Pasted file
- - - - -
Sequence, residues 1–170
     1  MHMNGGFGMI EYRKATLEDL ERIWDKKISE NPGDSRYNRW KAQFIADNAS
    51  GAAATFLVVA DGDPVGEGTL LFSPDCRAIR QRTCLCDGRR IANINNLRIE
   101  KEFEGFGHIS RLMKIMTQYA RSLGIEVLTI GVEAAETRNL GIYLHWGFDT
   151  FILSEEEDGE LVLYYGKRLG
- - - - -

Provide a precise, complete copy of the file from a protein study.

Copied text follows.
Sequence, residues 1–170
     1  MHMNGGFGMI EYRKATLEDL ERIWDKKISE NPGDSRYNRW KAQFIADNAS
    51  GAAATFLVVA DGDPVGEGTL LFSPDCRAIR QRTCLCDGRR IANINNLRIE
   101  KEFEGFGHIS RLMKIMTQYA RSLGIEVLTI GVEAAETRNL GIYLHWGFDT
   151  FILSEEEDGE LVLYYGKRLG